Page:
The US state of Pennsylvania has revealed to the public 243 cases where drinking water has been contaminated by fracking operations throughout the region.
Statistics published online, by the Pennsylvania’s Department of Environmental Protection (DEP), reveal that 22 counties within the state have had their drinking water affected by oil and gas drilling contaminations. Susquehanna, Tioga, Lycoming, and Bradford were the worst hit.
State authorities have been under continued pressure from multiple media outlets and campaigners to release information regarding the activities of drilling companies. Both lawsuits and freedom of information requests have been ignored by the DEP, until the publishing of this report.
The effect on drinking water by fracking operations is shown to be varied across the state, but in some cases one drilling site had contaminated multiple water supplies with methane gas contamination and wastewater spills. Some wells subsequently became dry or undrinkable.
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Talking to the Associated Press, Thomas Au of the Pennsylvania Sierra Club chapter, said, “I guess this is a step in the right direction, but this is something that should have been made public a long time ago.”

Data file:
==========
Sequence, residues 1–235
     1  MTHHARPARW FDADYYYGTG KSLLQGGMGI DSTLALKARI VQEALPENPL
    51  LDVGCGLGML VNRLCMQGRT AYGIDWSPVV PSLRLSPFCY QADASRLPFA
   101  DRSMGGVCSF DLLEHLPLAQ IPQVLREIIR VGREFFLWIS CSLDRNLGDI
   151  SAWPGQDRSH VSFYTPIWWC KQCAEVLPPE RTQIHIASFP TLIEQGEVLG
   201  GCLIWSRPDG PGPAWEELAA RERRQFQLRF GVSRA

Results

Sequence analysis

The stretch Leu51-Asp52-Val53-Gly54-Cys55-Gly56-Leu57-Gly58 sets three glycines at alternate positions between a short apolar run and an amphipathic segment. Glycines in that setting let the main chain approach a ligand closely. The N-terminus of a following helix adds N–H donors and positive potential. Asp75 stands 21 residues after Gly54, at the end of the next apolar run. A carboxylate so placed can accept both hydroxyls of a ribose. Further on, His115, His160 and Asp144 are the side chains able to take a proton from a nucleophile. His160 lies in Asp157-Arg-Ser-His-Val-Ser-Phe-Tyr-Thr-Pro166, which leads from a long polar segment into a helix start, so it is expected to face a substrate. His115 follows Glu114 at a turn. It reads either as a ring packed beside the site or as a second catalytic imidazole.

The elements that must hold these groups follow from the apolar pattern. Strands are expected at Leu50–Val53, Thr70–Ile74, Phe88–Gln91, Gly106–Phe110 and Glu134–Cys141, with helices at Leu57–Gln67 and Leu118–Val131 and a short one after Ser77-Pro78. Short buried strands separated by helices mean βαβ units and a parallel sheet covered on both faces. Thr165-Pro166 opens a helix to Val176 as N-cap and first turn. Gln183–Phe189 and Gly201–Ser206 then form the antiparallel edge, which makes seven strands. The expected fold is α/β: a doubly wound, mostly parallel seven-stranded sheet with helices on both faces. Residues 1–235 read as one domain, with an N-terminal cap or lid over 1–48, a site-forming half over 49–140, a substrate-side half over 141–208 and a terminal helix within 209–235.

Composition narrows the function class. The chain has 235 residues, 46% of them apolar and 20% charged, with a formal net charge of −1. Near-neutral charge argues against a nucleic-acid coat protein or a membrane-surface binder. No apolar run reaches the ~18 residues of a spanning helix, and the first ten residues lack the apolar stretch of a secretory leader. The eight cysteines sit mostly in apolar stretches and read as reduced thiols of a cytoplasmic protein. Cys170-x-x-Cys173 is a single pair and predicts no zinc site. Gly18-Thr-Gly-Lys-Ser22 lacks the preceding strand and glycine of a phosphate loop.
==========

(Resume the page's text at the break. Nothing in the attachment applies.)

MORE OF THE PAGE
Pennsylvania is currently in a shale gas boom, which has led to a rapid growth in the drilling industry. “That growth,” said auditor general Eugene DePasquale, “caught the Department of Environmental Protection (DEP) unprepared to effectively administer laws and regulations to protect drinking water and unable to efficiently respond to citizen complaints.”
“It is almost like firefighters trying to put out a five-alarm fire with a 20-foot garden hose.”
State authorities have also been criticised by campaigners calling for them to investigate accusations that the Department of Health had instructed employees not to help residents complaining of illnesses related to fracking. In an open letter, doctors and other health experts demanded the state investigate.
Protestors in Middlesex, Pennsylvania, have also called for six fracking wells to be moved as they have been built within “explosive range” of Mars School District, a campus of 3,200 children.
Photo source: Simon Fraser University Public Affairs and Media Relations via Flickr